Mars rover’s future in doubt
LOS ANGELES – Spirit has always been the unluckier of NASA’s twin Mars rovers.
Just weeks after landing in a Martian crater in 2004, it went haywire and transmitted gibberish to Earth. Engineers eventually nursed it back to health.
As if the near-death experience wasn’t enough, Spirit was upstaged early on by its twin Opportunity, which landed in a geologic gold mine and was the first to determine that the frigid, dusty planet possessed a wetter past.
Bad luck has fallen again on Spirit. As the workhorse rover marks its sixth year on the red planet on Sunday, it finds itself stuck in a sand trap, perhaps forever. The six-wheel robot geologist has been in jams before, but this is the worst yet.
With Martian winter arriving in several months, Spirit may not have enough power to keep going unless scientists can point the solar-powered rover toward the sun.
Spirit “has always been our drama queen,” chief scientist Steve Squyres of Cornell University said.
The latest misfortune occurred in April when Spirit, driving backward because of a lame wheel, broke through the crusty ground like a person falling through a frozen pond and became bogged in fluffy sand. Little progress has been made to free Spirit since.
NASA was dealt a major setback recently when another wheel appeared to have stopped moving, leaving Spirit with only four working wheels.
“With only four driving wheels, it doesn’t look good,” said project manager John Callas, of NASA’s Jet Propulsion Laboratory.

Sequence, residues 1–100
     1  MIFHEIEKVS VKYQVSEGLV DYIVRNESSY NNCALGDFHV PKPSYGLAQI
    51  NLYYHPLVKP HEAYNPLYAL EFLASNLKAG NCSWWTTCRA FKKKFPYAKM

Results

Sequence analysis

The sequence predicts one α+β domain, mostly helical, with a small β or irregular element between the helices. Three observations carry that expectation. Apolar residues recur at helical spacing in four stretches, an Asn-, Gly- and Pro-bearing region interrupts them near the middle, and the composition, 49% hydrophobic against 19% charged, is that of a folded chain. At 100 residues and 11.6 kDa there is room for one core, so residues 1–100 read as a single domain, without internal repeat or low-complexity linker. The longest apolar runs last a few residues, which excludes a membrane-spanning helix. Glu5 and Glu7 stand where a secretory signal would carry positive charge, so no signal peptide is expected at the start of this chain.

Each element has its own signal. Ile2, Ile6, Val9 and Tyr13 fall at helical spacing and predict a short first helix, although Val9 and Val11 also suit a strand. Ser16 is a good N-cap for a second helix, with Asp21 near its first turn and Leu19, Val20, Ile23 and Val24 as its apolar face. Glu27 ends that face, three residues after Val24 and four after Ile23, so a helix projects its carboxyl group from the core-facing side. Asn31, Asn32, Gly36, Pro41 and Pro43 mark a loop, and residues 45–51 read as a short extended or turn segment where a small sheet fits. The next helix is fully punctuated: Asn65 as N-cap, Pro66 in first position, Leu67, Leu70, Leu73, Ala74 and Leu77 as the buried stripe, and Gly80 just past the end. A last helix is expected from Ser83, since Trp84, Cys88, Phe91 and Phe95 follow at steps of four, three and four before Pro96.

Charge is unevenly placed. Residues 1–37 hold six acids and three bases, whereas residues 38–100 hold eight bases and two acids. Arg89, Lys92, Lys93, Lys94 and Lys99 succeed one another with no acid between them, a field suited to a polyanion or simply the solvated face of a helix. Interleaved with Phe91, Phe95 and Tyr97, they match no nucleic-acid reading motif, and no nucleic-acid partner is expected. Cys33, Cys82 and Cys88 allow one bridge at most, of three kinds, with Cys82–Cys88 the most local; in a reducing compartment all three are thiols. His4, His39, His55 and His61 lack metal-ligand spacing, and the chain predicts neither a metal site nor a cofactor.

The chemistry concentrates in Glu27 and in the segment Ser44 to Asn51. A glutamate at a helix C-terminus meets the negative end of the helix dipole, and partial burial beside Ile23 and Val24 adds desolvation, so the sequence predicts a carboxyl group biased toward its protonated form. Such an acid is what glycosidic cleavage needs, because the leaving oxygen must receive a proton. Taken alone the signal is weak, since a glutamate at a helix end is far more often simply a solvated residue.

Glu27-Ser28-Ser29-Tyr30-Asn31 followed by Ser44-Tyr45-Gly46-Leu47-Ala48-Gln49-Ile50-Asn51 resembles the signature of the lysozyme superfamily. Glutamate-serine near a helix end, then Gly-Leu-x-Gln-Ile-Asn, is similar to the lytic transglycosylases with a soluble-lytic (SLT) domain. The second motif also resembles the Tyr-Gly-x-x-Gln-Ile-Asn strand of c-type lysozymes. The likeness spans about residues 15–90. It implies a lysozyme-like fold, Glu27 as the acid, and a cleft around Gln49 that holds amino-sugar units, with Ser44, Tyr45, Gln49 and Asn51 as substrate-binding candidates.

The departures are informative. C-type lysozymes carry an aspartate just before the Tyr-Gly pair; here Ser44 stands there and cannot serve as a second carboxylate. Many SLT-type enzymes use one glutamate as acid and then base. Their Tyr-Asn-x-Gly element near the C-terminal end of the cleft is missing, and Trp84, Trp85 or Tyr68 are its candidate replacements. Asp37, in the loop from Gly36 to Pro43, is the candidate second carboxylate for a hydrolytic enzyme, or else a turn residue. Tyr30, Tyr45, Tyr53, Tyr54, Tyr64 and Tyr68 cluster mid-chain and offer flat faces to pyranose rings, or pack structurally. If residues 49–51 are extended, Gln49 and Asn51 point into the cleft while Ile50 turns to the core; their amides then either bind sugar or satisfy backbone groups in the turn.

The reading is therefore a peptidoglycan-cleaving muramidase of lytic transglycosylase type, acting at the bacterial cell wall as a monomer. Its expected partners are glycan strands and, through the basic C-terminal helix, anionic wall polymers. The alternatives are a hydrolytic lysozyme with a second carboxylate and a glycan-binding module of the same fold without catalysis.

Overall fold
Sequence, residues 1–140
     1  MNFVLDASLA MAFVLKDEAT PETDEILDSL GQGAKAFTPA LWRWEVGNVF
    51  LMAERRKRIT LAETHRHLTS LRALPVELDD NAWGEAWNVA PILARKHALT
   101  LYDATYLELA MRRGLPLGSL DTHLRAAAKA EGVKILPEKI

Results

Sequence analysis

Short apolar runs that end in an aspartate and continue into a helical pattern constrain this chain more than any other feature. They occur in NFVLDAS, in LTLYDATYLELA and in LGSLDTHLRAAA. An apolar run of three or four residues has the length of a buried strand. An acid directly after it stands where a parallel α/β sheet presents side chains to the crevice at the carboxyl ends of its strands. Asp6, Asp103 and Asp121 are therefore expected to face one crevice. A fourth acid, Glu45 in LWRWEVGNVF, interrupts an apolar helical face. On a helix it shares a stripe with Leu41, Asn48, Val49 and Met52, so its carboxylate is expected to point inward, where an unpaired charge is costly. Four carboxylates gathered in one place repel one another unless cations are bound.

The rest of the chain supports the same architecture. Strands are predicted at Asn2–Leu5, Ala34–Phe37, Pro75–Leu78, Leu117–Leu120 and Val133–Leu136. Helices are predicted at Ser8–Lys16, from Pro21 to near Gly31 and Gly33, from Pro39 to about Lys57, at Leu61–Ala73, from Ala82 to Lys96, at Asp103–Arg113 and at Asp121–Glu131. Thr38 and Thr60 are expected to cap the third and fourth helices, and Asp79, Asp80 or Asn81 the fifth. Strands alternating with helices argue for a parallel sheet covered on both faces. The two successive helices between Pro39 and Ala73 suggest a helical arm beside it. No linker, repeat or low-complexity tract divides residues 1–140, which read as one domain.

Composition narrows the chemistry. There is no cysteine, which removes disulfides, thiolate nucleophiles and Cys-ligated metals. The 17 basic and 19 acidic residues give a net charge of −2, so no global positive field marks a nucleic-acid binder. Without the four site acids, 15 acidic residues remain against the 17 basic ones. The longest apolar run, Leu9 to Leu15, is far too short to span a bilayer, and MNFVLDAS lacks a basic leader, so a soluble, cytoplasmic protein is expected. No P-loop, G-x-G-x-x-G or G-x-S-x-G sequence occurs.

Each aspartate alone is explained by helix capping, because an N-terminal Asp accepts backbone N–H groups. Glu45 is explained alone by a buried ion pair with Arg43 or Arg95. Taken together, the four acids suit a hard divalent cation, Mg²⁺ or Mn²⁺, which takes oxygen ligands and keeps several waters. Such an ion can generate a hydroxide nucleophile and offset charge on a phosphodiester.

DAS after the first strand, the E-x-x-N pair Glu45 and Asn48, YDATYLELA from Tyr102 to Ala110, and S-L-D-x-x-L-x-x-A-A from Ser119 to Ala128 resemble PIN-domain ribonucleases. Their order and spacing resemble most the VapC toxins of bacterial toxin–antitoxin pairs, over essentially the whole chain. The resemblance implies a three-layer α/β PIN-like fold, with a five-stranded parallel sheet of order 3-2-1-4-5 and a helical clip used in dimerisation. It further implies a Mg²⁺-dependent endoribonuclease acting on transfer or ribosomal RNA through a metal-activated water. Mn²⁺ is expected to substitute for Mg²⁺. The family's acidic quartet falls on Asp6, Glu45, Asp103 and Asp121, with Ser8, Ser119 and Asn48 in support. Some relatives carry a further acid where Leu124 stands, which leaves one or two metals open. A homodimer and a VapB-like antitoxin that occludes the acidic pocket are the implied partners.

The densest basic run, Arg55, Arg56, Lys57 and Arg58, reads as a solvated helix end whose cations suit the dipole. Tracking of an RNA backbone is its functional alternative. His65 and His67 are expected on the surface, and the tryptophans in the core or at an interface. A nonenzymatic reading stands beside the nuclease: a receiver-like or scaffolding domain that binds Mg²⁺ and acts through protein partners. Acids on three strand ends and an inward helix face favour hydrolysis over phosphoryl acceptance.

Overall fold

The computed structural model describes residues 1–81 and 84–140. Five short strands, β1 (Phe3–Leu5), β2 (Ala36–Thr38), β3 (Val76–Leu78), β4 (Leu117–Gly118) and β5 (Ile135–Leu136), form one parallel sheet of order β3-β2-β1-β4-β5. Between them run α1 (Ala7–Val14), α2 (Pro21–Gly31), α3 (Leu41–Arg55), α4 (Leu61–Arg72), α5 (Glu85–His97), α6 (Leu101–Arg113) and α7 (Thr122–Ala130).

It’s been a particularly rough year for Spirit. Besides getting stuck in a sand rut, it suffered sporadic bouts of amnesia and other woes including sudden computer reboots.
Though the prognosis of getting Spirit out looks bleak, scientists are not ready to give up yet. But if they exhaust all escape options, they will switch to Plan B and try to tilt the rover to the north where it can get more sunshine to keep running so that it can continue to do science in one spot.
Fortunately for researchers, what may turn out to be Spirit’s final resting spot looks like a scientific bonanza. The sand is rich in sulfate, a mineral that forms in the presence of water, researchers say.
With Spirit immobile, it’s still snapping pictures of its surroundings and sending data back to Earth.
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